HONOLULU (KHON2) — Maintaining the 42 acre Honolulu Zoo takes a village. There are more than 80 employees that care for the animals and the zoo grounds.
Veronica Schmidt is one of the many hard working zookeepers, whose focus is caring for the birds.
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The southern ground hornbill named Abby is one of her favorites to work with.
“I don’t necessarily know if there would be another bird who I wasn’t so bonded with who would necessarily just stand here and be okay with it,” Schmidt said in an interview with Abby standing next to her.
Abby’s calm nature around his zookeepers is proof of their hard work to earn his trust.
“These guys are very rare. Unfortunately, due to habitat destruction… numbers are dwindling in the wild. So here at the Honolulu Zoo, we do our best to kind of keep those numbers up,” Schmidt said.
Caring for Abby and all the birds requires a daily-structured routine.
“On an average day, you would come in, you would check all your animals, make sure everybody’s okay. Make sure everybody’s where you left them overnight,” Schmidt said describing her daily tasks.
The zookeepers not only make sure the animals are where they’re supposed to be, but they also make sure they’re happy and healthy.
“I examine each bird, you know, make sure there are two eyes. You know, their wings are good. There’s no bleeding or anything like that,” Shari Young, another Honolulu Zookeeper said.
To examine the Hawaiian Owl, Shari Young does glove training.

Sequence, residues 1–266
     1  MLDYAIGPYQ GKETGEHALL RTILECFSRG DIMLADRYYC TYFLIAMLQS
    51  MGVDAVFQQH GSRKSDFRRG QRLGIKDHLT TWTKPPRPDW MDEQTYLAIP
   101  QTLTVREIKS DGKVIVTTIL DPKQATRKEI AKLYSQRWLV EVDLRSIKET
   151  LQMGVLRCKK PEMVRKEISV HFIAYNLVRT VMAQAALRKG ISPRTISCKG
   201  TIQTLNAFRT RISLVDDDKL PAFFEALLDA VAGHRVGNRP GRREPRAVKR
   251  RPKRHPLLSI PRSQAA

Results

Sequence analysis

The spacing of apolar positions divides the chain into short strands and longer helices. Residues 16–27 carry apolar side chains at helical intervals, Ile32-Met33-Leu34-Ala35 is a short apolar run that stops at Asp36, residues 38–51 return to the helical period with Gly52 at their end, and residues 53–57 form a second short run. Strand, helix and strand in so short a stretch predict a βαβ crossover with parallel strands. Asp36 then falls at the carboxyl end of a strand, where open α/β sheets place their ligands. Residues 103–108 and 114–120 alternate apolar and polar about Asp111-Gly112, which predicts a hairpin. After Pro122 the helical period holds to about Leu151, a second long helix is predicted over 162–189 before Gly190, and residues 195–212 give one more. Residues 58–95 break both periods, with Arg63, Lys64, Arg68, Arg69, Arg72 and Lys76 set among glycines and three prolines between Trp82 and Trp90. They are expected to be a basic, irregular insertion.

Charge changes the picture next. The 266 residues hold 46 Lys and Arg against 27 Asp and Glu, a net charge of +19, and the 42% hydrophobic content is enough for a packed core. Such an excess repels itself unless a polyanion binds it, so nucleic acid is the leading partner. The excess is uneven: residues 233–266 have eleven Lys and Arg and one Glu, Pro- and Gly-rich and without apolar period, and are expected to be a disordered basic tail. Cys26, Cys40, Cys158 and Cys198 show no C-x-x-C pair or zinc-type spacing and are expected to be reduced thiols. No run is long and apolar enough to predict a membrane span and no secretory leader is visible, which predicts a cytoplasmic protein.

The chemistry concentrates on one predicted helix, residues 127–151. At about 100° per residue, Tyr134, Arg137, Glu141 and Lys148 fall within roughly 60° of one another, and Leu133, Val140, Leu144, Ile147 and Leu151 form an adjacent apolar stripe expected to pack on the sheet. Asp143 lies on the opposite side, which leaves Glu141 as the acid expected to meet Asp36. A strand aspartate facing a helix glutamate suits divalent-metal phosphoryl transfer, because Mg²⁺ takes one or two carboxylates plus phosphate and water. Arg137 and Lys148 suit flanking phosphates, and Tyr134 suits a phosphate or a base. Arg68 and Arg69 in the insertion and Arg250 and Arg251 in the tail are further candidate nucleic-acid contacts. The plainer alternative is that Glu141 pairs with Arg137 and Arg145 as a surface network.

“I can get a better look at his feet, and his nails if we need to trim and things like that,” Young explained about why glove training is so important. “It’s just a good way for keepers to get a closer look at their animals. Some we can’t even do that, we would have to use like binoculars or something. But this way, it’s a lot easier and it’s really fun.”
Glove training is not only fun for the zookeepers, but also yummy for Makamae the Pueo.
“Each bird is fed a specific diet according to the species and then I feed it out accordingly,” Young said.
In the reptile exhibit, you might run into Kale Taylor. His daily routine at the Honolulu Zoo is similar to the bird keepers, except he takes care of the cold-blooded animals, like the venomous komodo dragons.
“I knew I wanted to be working with animals, reptiles is just like a cherry on top,” Taylor said about why he loves reptiles so much.
Just like with the bird keepers, Taylor also has to do training with reptiles.
“If we need them to walk somewhere, they’ll go toward the target and then we will reward them with food items,” Taylor said.
Taylor has a long to-do list. He cleans the exhibits, feeds the reptiles, and makes sure they’re healthy.
On top of all that, he finds time to let Tank, a friendly Tegu Lizard, stretch his legs on a walk.
“He’s kind of like a dog sometimes like when I go into his his exhibit and call his name, he’ll follow me around the exhibit,” Taylor said.
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With a lot of hard work and a passion for animals, the Honolulu zookeepers are always ready to welcome you.
“It’s definitely more than just a job because you know, these are cool guys,” Schmidt said. “Like it doesn’t get more Jurassic Park than this!”